Human-Centric Lighting that Transforms the Classroom and Office

Light is like prescribed medication, you have to take it at the right time. People tend to think only about blue light and the color of light, but the narrative really needs to change.” – Mariana Figueiro, Director of the Lighting Research Center

Light, with its permanence and ambient nature, is a critical element of human life. The development of manmade lighting has only existed within the fabric of society for the past 150 years. Electrical lighting’s effect on human biology remains a subject at large, yet to be fully understood by researchers. Although many current lighting topics remain hot-button issues with inconclusive data such as its effects on circadian rhythm, sleep quality, injury recovery, etc. The creative integrations of lighting systems can supplement holistic well-being. Human-centric lighting design that incorporates and complements a space’s access to factors such as daylight availability has seen boosts in productivity and higher testing results in overall mental and emotional well-being.

Light plays a vital role in interior spaces. Light’s creative adaptations for differing goals and spaces, such as educational facilities and corporate office spaces, pave the way towards well-informed architecture that necessitates cutting-edge lighting design solutions.

The Impact of Improper Lighting

Through the research and study of interior lighting and its effects on mental cognition and performance, researchers have found that a lack of access to daylight along with poor lighting conditions are inhibitors of long-term memory, concentration, and motivation (Cajochen, 2000). Poor lighting standards are  specifications which fail to meet the accepted illuminance levels recommended by the Illuminating Engineers Society and the American National Standards Institute.

Studies surrounding the lack of access to daylight have concluded there is significant evidence to support a direct correlation between lack of daylight access and lowered cortisol levels as well as poor levels of melatonin suppression during the day (Leproult, 2001). This leads to building occupants who end their days more tired and with a higher amount of stress hormones compared to those with proper lighting.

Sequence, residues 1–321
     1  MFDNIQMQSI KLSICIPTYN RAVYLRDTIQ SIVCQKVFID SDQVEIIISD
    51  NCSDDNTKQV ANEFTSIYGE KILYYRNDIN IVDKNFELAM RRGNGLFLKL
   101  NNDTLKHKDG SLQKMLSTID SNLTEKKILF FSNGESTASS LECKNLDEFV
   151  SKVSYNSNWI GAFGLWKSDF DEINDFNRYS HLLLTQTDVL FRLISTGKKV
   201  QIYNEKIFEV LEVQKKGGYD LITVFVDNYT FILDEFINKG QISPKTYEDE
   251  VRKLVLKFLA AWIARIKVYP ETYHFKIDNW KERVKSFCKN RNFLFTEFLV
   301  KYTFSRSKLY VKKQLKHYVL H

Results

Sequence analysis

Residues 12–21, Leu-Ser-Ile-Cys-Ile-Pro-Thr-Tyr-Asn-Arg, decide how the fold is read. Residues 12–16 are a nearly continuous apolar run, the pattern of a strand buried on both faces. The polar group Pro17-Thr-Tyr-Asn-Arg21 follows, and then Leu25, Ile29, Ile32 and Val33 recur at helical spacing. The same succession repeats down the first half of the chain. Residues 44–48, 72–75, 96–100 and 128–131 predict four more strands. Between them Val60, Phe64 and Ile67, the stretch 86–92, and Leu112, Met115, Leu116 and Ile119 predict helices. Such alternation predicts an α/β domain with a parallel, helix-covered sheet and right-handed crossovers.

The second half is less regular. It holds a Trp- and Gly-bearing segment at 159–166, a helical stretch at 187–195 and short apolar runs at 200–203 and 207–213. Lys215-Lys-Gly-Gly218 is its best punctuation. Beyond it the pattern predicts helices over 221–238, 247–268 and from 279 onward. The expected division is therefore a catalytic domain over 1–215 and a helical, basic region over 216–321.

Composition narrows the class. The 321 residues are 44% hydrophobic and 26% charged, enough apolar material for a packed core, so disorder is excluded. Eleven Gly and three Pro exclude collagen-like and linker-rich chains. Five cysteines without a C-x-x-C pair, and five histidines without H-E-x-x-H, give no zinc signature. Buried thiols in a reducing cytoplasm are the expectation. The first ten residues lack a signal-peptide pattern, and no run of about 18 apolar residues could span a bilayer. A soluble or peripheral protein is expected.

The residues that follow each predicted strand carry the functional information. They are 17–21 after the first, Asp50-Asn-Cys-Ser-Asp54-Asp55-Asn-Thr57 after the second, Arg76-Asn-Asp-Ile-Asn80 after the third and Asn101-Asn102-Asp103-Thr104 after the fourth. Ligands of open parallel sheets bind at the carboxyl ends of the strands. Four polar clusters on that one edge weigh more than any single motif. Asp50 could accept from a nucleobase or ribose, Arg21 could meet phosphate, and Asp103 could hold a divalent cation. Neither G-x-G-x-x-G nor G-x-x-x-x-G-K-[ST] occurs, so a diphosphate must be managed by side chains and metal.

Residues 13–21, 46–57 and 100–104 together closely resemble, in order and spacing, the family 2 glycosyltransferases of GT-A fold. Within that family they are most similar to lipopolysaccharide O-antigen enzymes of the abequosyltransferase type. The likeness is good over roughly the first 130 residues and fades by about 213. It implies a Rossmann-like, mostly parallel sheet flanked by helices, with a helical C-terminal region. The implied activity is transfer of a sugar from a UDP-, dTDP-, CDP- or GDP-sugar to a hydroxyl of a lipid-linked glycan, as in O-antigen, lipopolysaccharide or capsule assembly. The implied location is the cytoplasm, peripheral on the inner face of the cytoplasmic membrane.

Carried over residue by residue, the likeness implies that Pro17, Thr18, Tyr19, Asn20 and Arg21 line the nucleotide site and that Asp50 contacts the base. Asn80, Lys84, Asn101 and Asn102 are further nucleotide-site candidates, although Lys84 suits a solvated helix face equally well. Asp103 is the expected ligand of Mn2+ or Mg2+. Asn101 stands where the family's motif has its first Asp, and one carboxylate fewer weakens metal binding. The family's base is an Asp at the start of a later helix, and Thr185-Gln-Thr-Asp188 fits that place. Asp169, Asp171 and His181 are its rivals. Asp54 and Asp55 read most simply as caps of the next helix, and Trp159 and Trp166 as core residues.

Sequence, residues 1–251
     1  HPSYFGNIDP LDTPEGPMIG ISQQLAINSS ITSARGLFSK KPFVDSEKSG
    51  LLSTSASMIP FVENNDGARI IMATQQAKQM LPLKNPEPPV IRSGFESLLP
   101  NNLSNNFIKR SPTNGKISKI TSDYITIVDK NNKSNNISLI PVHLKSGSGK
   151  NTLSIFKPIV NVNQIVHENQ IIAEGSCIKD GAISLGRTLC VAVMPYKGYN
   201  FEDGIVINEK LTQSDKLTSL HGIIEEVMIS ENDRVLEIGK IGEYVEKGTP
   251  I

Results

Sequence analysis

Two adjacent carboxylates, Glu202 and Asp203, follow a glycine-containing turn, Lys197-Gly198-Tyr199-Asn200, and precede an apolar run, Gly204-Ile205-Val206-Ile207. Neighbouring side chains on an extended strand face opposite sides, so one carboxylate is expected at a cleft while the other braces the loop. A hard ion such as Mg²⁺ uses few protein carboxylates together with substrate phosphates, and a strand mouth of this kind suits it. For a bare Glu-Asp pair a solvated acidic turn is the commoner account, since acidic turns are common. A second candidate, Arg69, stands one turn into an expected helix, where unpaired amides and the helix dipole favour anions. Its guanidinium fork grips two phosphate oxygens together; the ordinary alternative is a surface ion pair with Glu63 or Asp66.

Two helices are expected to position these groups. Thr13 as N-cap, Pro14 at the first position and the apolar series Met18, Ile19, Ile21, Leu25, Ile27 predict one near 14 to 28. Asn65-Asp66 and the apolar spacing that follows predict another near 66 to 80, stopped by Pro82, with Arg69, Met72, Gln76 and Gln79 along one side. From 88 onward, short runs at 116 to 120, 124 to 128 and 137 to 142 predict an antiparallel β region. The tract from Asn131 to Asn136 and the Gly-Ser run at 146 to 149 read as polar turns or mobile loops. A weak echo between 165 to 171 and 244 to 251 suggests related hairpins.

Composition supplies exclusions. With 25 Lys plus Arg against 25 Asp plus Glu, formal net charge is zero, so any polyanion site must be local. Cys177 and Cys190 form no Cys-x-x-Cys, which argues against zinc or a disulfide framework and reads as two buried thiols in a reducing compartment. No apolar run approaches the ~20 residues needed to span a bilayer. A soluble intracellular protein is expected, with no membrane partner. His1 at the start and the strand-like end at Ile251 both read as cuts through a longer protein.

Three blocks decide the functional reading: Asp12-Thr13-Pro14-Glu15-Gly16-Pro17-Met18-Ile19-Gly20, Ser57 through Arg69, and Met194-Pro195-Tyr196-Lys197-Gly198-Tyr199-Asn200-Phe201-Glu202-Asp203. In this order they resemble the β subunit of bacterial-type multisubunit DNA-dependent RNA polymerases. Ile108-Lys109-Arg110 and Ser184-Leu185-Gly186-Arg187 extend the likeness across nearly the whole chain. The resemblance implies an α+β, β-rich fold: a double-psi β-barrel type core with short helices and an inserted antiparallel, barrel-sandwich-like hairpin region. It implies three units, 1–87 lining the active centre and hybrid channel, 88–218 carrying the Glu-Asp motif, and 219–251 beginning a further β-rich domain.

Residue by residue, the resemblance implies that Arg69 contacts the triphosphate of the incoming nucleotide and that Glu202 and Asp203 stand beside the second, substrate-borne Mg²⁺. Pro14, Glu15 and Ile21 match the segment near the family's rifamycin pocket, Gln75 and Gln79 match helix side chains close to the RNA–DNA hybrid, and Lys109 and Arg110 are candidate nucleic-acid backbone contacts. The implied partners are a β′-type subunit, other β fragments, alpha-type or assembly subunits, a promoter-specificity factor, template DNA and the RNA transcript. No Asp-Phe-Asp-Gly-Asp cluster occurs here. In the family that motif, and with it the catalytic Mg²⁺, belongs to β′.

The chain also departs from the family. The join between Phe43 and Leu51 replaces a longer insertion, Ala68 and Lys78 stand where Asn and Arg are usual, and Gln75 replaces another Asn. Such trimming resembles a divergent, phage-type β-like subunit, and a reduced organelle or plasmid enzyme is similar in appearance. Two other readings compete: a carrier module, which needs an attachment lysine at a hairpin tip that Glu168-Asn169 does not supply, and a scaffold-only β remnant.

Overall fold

The lighting research community holds a well-documented track record of the importance of light and its role in the built environment. It is essential. In stark contrast to their Industrial Revolution-era counterparts, modern buildings prioritize daylight availability while allowing lighting systems to mimic daylight as much as possible while staying within the project’s budget. Lighting designers also continue to explore the human psyche’s relationship with light and how we can adjust color and intensity to aid building occupants with day-to-day tasks. (Jamrozik, 2019)

In education, for example, fluorescent lamps typically create a harsh overexposure of light intensity and, due to the physics of the lamp, generate a flicker rate that can be detrimental to learning and performance (Morrow, 2018).

Alvine Engineering Corporate Office, 1201 Cass Street

When working on a project with a tighter budget, finding a balance to provide adequate energy conservation, longevity of use, and effective illuminance levels remains a high priority for architects and designers. Alvine Engineering’s lighting design team has found that tunable white lighting offers an exceptional solution for offices looking to capture benefits linked with color-correlated temperature (CCT) lighting while also balancing energy consciousness and maintainability. Certain CCT tones and light intensities have been proven to affect cognitive performance positively (Wei, 2014). Providing adequate CCT functionality for office spaces can assist employees as they mimic daylight’s differing light color and intensity throughout the day (Van der Zande, 2018). Additionally, providing differing lighting temperatures throughout the day provides office workers with ample opportunity to use different lighting for different tasks. One study found that warm white lighting can assist adults with project collaboration, while cooler lights are more optimal for reading cognition, attentiveness, and focus (Baron et al., 1992).

Alvine Engineering Corporate Office, 1201 Cass Street

“Our shades automatically adjust to the amount of light and angle of the sun to ensure that occupants receive ample amounts of daylight without distracting glare or lighting overexposure,” she explained. “While the research on lighting’s effects on cognition isn’t completely conclusive, a combination of different elements and design allows us to provide the most comfort for building occupants as they go about their work.”